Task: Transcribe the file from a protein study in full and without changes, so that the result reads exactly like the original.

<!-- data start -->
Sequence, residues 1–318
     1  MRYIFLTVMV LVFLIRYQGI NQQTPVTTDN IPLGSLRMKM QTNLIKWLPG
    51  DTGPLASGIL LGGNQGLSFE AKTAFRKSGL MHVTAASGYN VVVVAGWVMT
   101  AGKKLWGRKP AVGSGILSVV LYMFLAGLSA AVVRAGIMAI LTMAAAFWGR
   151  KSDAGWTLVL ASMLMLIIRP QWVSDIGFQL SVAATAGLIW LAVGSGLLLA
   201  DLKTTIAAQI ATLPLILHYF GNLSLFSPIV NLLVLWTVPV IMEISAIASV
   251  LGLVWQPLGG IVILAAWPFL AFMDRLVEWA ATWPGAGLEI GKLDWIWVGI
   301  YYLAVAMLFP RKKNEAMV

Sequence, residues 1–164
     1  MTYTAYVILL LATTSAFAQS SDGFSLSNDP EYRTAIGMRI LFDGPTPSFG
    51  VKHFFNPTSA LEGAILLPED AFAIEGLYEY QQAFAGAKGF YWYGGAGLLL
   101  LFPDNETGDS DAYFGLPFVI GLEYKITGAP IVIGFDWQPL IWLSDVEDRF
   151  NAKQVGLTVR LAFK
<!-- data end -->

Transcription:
Sequence, residues 1–318
     1  MRYIFLTVMV LVFLIRYQGI NQQTPVTTDN IPLGSLRMKM QTNLIKWLPG
    51  DTGPLASGIL LGGNQGLSFE AKTAFRKSGL MHVTAASGYN VVVVAGWVMT
   101  AGKKLWGRKP AVGSGILSVV LYMFLAGLSA AVVRAGIMAI LTMAAAFWGR
   151  KSDAGWTLVL ASMLMLIIRP QWVSDIGFQL SVAATAGLIW LAVGSGLLLA
   201  DLKTTIAAQI ATLPLILHYF GNLSLFSPIV NLLVLWTVPV IMEISAIASV
   251  LGLVWQPLGG IVILAAWPFL AFMDRLVEWA ATWPGAGLEI GKLDWIWVGI
   301  YYLAVAMLFP RKKNEAMV

Sequence, residues 1–164
     1  MTYTAYVILL LATTSAFAQS SDGFSLSNDP EYRTAIGMRI LFDGPTPSFG
    51  VKHFFNPTSA LEGAILLPED AFAIEGLYEY QQAFAGAKGF YWYGGAGLLL
   101  LFPDNETGDS DAYFGLPFVI GLEYKITGAP IVIGFDWQPL IWLSDVEDRF
   151  NAKQVGLTVR LAFK